The Federal Reserve held its last meeting of the year this week and to no one’s surprise, it left the overnight lending rate unchanged at the 0.00% to 0.25% range. As it wraps up a tumultuous 2020 and looks forward to the new year, the Fed is focused on supporting “the U.S. economy in this challenging time, thereby promoting its maximum employment and price stability goals”. To that end, bond purchases by the central bank will continue for an indefinite period with the Federal Reserve buying up at least $80 billion of Treasury securities and $40 billion of agency mortgage-backed securities monthly.
Summary of Economic Projections
The FOMC also revealed its Q4 summary of economic projections this week, while acknowledging that the “path of the economy will depend significantly on the course of the virus” and “the ongoing public health crisis … poses considerable risks to the economic outlook over the medium term”. The Federal Reserve was generally more optimistic in tone since it last provided a forecast in September, but it did not amend its projection that the overnight lending rate will remain unchanged through 2023.
- Unemployment rate: projected to decline to 5.0% by the end of 2021, 4.2% by 2022 and 3.7% by 2023. September’s estimates stood at 5.5% by the end of 2021, 4.6% by 2022 and at 4.0% by 2023.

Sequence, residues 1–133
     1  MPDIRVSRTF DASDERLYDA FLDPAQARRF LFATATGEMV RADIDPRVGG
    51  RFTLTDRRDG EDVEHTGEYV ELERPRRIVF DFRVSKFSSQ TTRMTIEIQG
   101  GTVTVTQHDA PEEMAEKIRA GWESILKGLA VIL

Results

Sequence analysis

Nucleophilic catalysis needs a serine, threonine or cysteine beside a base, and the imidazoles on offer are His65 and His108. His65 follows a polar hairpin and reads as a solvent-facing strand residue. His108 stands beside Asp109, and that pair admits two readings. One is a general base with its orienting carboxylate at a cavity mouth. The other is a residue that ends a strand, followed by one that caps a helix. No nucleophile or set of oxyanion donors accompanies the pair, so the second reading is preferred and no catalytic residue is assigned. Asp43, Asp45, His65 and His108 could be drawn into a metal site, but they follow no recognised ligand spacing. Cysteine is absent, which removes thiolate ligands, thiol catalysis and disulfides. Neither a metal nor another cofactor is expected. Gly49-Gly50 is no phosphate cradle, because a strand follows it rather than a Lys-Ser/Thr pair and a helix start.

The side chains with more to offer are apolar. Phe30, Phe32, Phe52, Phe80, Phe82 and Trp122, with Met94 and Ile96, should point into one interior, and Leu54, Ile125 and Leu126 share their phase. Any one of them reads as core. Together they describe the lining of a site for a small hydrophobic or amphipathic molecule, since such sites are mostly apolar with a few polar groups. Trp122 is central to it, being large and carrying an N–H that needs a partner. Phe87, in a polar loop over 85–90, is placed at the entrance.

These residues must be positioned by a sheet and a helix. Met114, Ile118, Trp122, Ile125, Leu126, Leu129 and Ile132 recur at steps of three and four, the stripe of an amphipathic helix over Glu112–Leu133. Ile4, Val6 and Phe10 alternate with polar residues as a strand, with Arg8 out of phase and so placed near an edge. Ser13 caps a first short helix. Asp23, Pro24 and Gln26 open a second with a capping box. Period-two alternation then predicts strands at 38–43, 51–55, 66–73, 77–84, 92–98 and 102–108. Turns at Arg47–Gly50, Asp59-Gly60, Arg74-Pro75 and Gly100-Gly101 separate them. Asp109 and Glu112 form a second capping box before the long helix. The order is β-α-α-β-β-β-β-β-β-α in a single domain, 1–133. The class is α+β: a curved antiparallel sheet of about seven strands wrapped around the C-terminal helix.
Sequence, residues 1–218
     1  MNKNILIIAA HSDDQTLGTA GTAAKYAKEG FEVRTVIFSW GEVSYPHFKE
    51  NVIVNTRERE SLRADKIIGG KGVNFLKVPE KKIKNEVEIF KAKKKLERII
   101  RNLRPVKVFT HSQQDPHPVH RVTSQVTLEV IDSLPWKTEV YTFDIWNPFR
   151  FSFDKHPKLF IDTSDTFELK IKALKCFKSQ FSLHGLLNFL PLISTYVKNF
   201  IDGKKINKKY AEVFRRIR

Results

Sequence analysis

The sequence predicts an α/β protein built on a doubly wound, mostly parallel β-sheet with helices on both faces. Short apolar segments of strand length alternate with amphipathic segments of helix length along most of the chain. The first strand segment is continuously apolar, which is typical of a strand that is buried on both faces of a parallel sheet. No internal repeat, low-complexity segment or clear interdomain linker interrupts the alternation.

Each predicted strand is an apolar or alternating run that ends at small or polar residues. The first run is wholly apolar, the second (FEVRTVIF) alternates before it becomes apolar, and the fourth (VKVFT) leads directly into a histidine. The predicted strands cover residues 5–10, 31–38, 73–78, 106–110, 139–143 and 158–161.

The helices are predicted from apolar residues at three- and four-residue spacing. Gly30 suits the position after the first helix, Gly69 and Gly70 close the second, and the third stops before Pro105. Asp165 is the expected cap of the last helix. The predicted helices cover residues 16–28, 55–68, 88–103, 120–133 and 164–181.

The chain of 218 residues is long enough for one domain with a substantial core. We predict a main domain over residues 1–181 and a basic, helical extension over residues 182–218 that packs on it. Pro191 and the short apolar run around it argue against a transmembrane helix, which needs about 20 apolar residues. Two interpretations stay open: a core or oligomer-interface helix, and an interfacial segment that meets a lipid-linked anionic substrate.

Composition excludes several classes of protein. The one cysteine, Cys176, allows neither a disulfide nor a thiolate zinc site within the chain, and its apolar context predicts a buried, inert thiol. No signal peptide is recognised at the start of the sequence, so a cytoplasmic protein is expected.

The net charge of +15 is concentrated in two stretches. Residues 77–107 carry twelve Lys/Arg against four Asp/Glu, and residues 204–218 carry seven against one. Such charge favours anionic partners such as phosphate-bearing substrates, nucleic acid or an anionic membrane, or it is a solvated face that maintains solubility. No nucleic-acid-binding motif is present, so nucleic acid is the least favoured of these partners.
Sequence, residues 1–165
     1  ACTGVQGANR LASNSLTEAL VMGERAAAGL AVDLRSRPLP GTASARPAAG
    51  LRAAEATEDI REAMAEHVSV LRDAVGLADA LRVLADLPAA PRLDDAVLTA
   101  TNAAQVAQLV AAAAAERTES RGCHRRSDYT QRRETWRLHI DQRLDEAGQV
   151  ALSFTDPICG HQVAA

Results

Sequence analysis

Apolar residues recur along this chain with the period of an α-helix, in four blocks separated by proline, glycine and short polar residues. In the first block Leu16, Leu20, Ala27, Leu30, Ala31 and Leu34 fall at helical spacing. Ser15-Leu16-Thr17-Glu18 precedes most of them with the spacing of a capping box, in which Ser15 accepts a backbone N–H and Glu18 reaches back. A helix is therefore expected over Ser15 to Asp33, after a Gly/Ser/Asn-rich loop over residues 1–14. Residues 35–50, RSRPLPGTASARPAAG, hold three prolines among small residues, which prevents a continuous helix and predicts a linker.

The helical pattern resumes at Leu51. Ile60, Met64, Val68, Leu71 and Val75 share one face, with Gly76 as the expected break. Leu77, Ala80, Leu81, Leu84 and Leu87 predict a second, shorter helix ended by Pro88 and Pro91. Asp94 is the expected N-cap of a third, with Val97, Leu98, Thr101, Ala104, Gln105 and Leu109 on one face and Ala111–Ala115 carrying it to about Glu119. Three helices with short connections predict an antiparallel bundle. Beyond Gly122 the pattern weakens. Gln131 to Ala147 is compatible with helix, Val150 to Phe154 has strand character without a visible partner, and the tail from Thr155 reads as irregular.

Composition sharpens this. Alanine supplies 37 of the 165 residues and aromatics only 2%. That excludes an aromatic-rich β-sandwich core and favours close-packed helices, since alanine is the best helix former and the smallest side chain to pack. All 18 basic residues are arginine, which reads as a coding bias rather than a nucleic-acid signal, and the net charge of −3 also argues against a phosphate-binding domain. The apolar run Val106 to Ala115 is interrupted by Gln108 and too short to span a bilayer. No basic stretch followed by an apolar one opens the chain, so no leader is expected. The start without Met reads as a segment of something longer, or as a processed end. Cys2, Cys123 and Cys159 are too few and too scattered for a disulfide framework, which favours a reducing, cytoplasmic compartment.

- Core PCE inflation: projected at 1.8% by the end of 2021, 1.9% by 2022 and at 2.0% by 2023. September’s estimates stood at 1.7% by the end of 2021, 1.8% by 2022 and at 2.0% by 2023.
- GDP: projected at 4.2% by the end of 2021, 3.2% by late 2022 and at 2.4% by 2023. September’s estimates stood at 4.0% by the end of 2021, 3.0% by 2022 and at 2.5% by 2023.
Is a New Stimulus Package on the Way?
Early in December, House Speaker Nancy Pelosi and Senate Majority Leader Mitch McConnell signaled their willingness to work towards an agreement on coronavirus relief through a bipartisan $908 billion proposal introduced by rank-and-file lawmakers. The bill represents a compromise between the Democrat-controlled House bill of $2.4 trillion and the Senate Republican proposal of $650 billion. Progress has been reported in recent days, but it is now make-or-break time for the negotiations. Lawmakers are aiming to merge the stimulus package into a year-end Congressional spending bill which has a Friday deadline, or the government shuts down.
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